KRAEPELIN AND BLEULER: A COMPARISON OF DEMENTIA PRAECOX AND SCHIZOPHRENIA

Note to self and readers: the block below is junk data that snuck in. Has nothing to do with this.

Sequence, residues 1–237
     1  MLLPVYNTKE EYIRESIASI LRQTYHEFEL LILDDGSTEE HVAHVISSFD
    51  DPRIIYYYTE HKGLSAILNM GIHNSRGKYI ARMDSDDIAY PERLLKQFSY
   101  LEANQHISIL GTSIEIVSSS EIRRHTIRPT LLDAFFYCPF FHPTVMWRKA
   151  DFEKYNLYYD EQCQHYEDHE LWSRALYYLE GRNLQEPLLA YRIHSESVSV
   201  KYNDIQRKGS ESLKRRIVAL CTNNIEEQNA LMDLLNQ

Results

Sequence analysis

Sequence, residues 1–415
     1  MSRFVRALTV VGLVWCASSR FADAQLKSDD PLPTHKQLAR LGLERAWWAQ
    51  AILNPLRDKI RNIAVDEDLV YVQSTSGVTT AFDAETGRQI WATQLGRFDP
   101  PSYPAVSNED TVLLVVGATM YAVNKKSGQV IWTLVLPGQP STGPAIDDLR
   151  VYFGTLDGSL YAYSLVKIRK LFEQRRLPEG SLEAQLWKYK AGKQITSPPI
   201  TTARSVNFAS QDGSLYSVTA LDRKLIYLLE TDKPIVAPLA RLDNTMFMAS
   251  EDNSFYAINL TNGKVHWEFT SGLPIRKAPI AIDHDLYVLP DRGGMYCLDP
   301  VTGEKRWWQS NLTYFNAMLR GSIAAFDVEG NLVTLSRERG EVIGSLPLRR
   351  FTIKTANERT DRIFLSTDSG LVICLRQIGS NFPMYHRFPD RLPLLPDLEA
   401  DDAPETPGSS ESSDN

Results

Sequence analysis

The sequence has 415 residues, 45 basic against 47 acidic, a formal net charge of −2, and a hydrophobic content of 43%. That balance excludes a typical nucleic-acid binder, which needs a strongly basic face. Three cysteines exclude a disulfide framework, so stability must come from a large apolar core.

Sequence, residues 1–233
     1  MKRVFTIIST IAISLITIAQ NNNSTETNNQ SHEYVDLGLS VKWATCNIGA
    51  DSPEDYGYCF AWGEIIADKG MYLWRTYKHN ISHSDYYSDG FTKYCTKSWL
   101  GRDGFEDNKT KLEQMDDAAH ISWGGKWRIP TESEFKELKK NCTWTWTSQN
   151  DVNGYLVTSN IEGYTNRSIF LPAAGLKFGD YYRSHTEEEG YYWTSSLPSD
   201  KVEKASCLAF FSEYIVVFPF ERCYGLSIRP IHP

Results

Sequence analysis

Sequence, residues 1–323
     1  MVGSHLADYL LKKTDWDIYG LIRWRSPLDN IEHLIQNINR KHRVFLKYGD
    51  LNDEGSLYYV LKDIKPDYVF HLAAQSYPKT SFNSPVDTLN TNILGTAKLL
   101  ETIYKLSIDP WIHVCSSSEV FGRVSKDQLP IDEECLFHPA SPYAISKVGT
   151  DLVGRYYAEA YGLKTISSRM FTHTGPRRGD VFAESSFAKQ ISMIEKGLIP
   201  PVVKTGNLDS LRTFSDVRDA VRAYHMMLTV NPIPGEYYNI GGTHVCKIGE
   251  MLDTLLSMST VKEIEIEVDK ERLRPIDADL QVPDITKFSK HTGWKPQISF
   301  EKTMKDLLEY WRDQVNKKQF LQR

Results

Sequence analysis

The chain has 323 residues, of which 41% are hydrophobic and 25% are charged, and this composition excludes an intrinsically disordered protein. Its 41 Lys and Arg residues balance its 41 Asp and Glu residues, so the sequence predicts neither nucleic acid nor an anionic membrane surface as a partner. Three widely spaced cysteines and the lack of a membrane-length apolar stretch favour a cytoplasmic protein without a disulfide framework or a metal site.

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A systematic comparison of Kraepelinian dementia praecox and Bleulerian schizophrenia is presented, together with a review of the historical background of their respective diagnostic systems. Each system is then analyzed and revised into a diagnostic checklist format with lists of inclusion and exclusion criteria, to make them comparable to, and compatible with, all seven of the diagnostic systems which prevail today, such as DSM-III and RDC. None of the seven contemporary systems, each of which is thought to be either "neo-Kraepelinian" or "neo-Bleulerian," faithfully represents the essential features of the two original systems from which they are derived. An analysis which highlights previously unrecognized and largely unappreciated features of the Kraepelinian and Bleulerian diagnostic systems, features which appear to be crucially lacking in all seven of the prevailing systems of today, leads to the recommendation that all nine systems be applied simultaneously to one patient population in future research on the evaluation of new diagnostic tests and treatments for schizophrenia. This would be accomplished by formulating a composite cross-diagnostic checklist incorporating all nine systems. The prevailing practice of using a single diagnostic system to the exclusion of all others is shown to have marked weaknesses. (1) Any one diagnostic system alone might fail to reveal the true benefits of any given test or treatment, while the application of all major systems simultaneously maximizes the likelihood of success; (2) Instead of having each new diagnostic test or treatment for schizophrenia evaluated many times by many different clinicians, each using a different diagnostic system on a completely different patient population, the method of composite cross-system diagnosis makes it possible to obtain simultaneous diagnoses according to all of the systems, all made the same clinician(s), on the same population of patients.